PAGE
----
Author(s): Feunekes GI, de Graaf C, Meyboom S, van Staveren WA
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Abstract BACKGROUND: Influences of the social environment are important in determining eating behavior. Family influences have been demonstrated by resemblances in intakes within families, but research on resemblance in intake between friends is lacking. We investigated the resemblance in fat and food intake within social networks that included family members and peers. METHODS: Fat consumption was assessed with a food frequency questionnaire in 361 social networks consisting of 15-year-old adolescents (n = 347), their mothers (n = 309), their fathers (n = 270), their friends (n = 240), 79 friends of mothers, and 29 friends of fathers. Ten family interviews and four focus group interviews were carried out in a subsample. RESULTS: Within the nuclear family, the intake of 76 to 94\% of the foods was significantly associated, which resulted in moderate Pearson correlations for fat and fatty acid intake (\% of energy intake) between parents (0.30-0.34), between mother and child (0.19-0.38), and between father and child (0.16-0.26). No significant correlations for fat intake were found between friends, but the consumption of specific foods was related. CONCLUSIONS: We found clear resemblance in habitual fat and food intake between parents and their adolescent children and between spouses. Friends do not seem to have a lot of influence on the fat intake of adolescents and adults in this population. Copyright 1998 American Health Foundation and Academic Press.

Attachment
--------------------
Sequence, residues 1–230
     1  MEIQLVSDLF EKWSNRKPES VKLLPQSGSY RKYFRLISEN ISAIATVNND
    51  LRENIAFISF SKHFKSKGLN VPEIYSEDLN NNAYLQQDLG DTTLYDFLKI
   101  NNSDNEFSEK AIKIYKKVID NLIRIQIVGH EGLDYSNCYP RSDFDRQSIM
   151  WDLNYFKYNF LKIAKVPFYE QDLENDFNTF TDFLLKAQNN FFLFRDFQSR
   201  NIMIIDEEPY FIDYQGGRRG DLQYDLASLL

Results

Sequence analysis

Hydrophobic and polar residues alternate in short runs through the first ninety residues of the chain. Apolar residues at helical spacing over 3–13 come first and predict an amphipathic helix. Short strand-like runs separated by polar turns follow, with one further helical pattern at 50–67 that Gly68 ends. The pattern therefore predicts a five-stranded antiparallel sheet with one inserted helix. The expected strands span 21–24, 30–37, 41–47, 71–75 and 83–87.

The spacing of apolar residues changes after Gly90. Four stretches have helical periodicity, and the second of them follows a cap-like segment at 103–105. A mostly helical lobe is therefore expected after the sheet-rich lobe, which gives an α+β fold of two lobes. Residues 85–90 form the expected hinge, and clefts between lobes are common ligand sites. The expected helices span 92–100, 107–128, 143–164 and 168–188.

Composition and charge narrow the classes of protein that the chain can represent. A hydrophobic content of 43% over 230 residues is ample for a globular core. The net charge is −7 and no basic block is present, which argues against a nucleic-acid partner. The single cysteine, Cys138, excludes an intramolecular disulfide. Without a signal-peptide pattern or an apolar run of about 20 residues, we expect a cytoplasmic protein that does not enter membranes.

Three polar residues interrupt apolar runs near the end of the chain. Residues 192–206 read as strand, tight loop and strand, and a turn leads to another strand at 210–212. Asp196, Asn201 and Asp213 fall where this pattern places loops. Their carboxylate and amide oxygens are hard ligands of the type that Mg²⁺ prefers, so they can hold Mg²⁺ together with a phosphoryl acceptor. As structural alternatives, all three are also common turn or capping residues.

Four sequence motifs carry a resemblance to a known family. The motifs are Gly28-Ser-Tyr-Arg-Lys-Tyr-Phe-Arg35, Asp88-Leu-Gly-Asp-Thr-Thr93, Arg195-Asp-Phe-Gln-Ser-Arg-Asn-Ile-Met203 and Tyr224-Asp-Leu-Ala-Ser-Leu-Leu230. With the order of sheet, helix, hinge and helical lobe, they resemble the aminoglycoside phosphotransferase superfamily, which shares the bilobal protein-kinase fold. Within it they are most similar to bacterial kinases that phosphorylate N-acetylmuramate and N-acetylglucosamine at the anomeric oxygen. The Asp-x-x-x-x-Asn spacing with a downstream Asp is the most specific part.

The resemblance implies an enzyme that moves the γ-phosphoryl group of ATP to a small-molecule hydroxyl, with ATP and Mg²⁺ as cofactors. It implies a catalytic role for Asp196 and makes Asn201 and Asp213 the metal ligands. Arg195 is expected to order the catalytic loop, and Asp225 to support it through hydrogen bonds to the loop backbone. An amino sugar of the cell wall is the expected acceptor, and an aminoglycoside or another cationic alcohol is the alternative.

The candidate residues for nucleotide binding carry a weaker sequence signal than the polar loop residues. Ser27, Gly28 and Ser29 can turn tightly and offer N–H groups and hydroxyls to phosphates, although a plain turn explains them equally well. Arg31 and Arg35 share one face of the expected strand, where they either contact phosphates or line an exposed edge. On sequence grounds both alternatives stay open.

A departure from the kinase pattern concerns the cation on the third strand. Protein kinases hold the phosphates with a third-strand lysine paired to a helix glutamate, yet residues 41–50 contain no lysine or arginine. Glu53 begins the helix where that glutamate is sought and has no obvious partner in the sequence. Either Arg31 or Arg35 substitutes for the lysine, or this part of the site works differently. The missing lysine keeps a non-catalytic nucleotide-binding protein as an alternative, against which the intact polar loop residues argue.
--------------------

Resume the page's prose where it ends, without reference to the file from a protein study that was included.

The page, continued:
This article was published in Prev Med
and referenced in Journal of Obesity & Weight Loss Therapy